Charter School Debate Heats Up in South Chicago
Some in the community believe the new charter school would do a better job of teaching area children. Others fear it's the first step in pushing neighborhood kids out. Behind that debate is sensitivity around whether this new school is a harbinger of gentrification in this hard scrabble part of the city.
In a small, drafty and darkened room inside a store-front community center, a group known as Friends of J.N. Thorp gathers.
They're discussing ways to convince the Chicago School Board not to open a charter school inside Thorp Elementary School on Buffalo Avenue in South Chicago.
MERCADO: I have a grand daughter that's there. That's the last one that's in that school until she graduates from 8th grade.
Mary Mercado worries that the charter school could eventually lead to the closing of Thorp as an elementary for all in the neighborhood to attend. If approved, LEARN charter schools will open inside Thorp School by next fall.
A CPS spokesman says parents like Mercado have no reason to worry. Thorp and LEARN will share the building on Buffalo Avenue as a permanent co-share and Thorp will not be phased out.
But Mercado doesn't trust the school district's plan. She's concerned about having to pay for transportation if her daughter gets rerouted.
MERCADO: What am I going to do with her if they put her in another school? I cannot afford to put her in another school.
South Chicago is a gritty, mostly low income neighborhood. The historically depressed community is the area you see below while driving on the Chicago Skyway.
Known here simply as the “East Side,” South Chicago residents often feel isolated from the rest of the city. The area continues to recover from the closing of steel mills decades ago.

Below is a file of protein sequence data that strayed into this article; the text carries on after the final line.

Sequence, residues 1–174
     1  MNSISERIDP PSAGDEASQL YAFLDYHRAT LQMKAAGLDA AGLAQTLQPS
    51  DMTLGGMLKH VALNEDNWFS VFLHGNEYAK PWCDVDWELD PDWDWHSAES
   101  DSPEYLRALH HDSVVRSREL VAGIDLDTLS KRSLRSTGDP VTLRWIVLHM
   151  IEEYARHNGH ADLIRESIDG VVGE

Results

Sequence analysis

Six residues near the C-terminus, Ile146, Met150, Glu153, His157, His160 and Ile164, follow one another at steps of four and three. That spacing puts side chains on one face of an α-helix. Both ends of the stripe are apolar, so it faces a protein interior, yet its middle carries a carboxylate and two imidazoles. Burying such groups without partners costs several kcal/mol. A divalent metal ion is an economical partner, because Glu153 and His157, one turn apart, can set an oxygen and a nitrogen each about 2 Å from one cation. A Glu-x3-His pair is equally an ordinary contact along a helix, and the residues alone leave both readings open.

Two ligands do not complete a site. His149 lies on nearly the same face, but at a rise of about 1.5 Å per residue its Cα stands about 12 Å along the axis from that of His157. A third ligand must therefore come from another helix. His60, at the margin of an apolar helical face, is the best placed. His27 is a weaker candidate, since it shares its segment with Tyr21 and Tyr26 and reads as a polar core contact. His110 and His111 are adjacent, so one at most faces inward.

The U.S. Census Bureau says the median income for the 96,000 living in the area is about $35,000.
There's been steady improvement this decade with new businesses and housing initiatives. Some South Chicagoans like Mercado worry a charter school could attract higher-income residents, pushing folks like her out.
MERCADO: It's all money. They're trying to get ride of the Hispanics, the riff-raff and the blacks and whoever is not making a certain amount of income. So, they get rid of all of us, they could take over the whole neighborhood.
Mercado and other Friends of J.N. Thorp organized a march this week to try and stop the charter school from moving into Thorp in fall 2010. The group, headquartered in a small office on Commercial Avenue, is becoming more active in the community. It led a similar protest march a few months ago when the city introduced parking meters on Commercial Avenue, South Chicago's main drag.
Just a couple doors down from Centro Comunitario Juan Diego, where the group meets, is the South Chicago Chamber of Commerce, headed by longtime South Chicago resident Neil Bosanko.
The chamber's been instrumental in securing the area as a tax increment financing district, which provides money to homeowners to allow them to make improvements to their homes.
Bosanko's also excited about the prospects of reclaiming land left vacant from the long shuttered South Works plant of U.S. Steel.